Australia leads world on university access – will others follow?

Analysis of data from the THE Impact Rankings suggests big gaps remain on helping poorest communities globally to get into university

November 26, 2019
pulling barbed wire

Helping disadvantaged groups to enter and then succeed in higher education is a goal that is often lauded by universities and policymakers around the globe.

But as a report timed to coincide with last year’s World Access to Higher Education Day (WAHED) found, this issue is also one that tends to receive a surfeit of “lip service” but a paucity of action.

Therefore, could one way to galvanise progress in the area be to establish some kind of common framework to compare universities and sectors and identify which are actually making strides?

A look at the data in the inaugural Times Higher Education University Impact Rankings – to mark this year’s WAHED – gives a potential flavour of what such a framework might include.

Although limited by the number of institutions that submitted data to the ranking, and particularly how this varies by sector, the analysis suggests that regions with a firm strategy at a national level do tend to outshine the rest.

The analysis takes data from areas of the Impact Ranking that attempt to gauge university performance on specific socio-economic access issues in higher education: the prevalence of students who are the first in their immediate family to go to university; the number of students admitted from some of the poorest nations in the world; and the steps that an institution takes to help the wider community to access higher education through outreach activities.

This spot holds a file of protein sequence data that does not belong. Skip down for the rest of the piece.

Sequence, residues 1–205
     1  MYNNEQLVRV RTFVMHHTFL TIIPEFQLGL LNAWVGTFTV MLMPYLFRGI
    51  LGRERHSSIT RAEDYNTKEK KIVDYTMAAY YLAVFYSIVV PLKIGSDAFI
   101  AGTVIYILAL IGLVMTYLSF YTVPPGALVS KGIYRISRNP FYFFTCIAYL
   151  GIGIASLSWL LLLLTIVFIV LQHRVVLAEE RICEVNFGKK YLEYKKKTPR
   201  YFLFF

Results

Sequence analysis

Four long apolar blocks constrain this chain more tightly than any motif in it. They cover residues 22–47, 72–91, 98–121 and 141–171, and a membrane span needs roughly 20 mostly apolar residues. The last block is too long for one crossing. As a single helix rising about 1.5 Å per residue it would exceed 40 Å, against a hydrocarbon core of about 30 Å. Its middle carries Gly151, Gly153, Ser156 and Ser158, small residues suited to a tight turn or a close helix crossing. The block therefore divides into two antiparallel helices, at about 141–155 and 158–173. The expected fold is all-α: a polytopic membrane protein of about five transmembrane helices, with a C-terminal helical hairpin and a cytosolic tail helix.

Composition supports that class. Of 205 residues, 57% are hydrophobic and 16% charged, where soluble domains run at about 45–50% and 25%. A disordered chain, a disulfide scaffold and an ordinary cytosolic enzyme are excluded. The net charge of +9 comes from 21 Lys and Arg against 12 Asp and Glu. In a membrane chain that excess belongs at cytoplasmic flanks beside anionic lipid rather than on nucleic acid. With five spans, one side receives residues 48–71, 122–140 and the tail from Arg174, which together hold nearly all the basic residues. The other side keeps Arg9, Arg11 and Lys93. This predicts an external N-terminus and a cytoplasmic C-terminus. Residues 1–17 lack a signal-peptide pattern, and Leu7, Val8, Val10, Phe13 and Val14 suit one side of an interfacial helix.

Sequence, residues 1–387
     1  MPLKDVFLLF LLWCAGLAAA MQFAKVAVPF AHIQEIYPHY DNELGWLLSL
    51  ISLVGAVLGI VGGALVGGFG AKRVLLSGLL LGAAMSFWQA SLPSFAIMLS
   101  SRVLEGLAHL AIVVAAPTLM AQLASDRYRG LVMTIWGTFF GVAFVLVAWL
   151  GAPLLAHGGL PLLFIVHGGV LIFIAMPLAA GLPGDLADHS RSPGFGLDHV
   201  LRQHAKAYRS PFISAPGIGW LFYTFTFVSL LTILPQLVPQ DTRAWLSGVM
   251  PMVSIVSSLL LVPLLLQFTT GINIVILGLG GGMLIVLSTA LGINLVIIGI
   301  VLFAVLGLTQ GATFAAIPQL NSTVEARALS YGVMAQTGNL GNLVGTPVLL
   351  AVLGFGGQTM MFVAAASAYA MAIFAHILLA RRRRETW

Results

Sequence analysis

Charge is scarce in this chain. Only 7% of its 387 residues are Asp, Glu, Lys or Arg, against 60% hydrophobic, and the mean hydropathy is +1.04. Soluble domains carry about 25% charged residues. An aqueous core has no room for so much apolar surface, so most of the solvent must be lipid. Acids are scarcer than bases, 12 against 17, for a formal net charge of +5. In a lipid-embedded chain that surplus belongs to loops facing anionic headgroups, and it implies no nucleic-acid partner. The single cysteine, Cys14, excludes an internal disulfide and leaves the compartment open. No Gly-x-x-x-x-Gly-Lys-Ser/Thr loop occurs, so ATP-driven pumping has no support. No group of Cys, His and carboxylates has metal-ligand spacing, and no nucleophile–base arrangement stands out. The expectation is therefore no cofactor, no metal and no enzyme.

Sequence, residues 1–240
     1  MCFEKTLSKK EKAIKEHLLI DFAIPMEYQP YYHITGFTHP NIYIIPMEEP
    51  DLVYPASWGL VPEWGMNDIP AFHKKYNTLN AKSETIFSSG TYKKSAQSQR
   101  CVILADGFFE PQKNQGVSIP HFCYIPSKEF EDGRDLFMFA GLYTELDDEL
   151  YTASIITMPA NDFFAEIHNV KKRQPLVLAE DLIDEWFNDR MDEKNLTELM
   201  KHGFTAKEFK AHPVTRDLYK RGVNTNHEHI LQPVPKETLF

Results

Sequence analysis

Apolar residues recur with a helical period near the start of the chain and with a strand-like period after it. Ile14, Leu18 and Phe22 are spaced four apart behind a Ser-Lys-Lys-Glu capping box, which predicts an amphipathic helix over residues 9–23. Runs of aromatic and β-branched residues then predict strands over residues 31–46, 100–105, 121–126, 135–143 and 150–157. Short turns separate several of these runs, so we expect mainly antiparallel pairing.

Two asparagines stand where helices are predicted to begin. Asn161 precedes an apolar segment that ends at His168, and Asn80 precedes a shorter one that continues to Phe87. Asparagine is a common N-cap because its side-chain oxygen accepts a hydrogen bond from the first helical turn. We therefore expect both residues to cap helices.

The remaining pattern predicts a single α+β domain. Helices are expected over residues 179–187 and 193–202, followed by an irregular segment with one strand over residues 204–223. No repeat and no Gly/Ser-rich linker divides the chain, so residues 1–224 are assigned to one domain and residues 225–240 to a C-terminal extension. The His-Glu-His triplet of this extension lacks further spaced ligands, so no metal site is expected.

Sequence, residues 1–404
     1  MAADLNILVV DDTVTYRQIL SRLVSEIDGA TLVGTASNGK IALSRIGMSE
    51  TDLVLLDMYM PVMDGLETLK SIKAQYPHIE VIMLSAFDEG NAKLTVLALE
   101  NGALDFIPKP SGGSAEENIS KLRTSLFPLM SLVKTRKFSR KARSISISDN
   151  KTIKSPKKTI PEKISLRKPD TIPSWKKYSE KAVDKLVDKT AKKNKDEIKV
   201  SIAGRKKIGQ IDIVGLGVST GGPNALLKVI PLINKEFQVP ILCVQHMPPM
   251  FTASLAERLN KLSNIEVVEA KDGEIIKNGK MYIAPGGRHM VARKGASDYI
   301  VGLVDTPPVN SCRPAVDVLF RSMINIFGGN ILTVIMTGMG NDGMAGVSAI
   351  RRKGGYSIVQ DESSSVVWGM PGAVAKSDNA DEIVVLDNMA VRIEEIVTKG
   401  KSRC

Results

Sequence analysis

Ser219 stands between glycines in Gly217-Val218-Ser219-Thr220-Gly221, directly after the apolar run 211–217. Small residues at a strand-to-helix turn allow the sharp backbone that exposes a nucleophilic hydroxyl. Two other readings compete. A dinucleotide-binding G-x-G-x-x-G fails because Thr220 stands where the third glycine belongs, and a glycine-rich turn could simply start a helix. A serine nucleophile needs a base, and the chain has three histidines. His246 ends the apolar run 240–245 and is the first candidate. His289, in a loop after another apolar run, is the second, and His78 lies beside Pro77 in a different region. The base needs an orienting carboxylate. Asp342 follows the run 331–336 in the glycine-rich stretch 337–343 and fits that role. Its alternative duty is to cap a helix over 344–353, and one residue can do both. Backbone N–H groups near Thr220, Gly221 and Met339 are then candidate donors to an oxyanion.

Although only about half the institutions in the Impact Ranking have enough data to be eligible for the analysis, there is a diverse mix of universities from developed and developing systems that gain the highest scores.



In terms of sectors, Australia comes out on top overall, with the highest average score for both the number of first-generation students and for outreach. It also achieves a solid mark for its intakes from low-income and lower middle-income countries.

Also performing well are Chile, with strong scores on first-generation students and outreach, and Russia, which possibly receives a boost from its universities drawing students from former Soviet republics, such as Uzbekistan and Kyrgyzstan, which are categorised by the World Bank as lower middle-income economies.

At the other end of the scale is Japan – out of the three core areas analysed, it scores well only for outreach. Behind Japan are Iran and Pakistan, whose institutions gain relatively low scores in every area.

Graeme Atherton, director of the UK’s National Education Opportunities Network, a key supporter of WAHED, said some of the findings – such as Australia’s strong showing – did chime with official research on the topic.

For instance, a fresh report on access strategies released for WAHED 2019, produced by Jamil Salmi, former tertiary education coordinator for the World Bank, notes that Australia is “one of the most advanced countries in terms of effective equity policies”.

Dr Atherton said the nature of information on access, which was highly dependent on local context and often not easily comparable across regions, made it very difficult to find a framework for measuring international progress on the issue.

However, he said, establishing a good framework had a real prospect of “changing institutional behaviour” given the impact of university comparisons in areas such as research. There was also a massive opportunity for universities in different sectors to learn from each other.

More generally, Dr Atherton added, many more universities worldwide needed to engage in access issues, with the research elite – despite representing only a small number of students worldwide – potentially having a key role to play.

“Internationally, I think the focus should be on supporting students into higher education overall. I don’t think it should primarily just be on the elite or more research-intensive institutions,” he said.

“But they have a crucial role to play because, like it or not, they are perceived as sectoral leaders, and if they engage in this work, that sends out a message to the rest of the sector, both globally and within countries, about where the direction of travel should be.”

simon.baker@timeshighereducation.com

POSTSCRIPT:

Print headline: On access, Australia sets pace, but will others follow?

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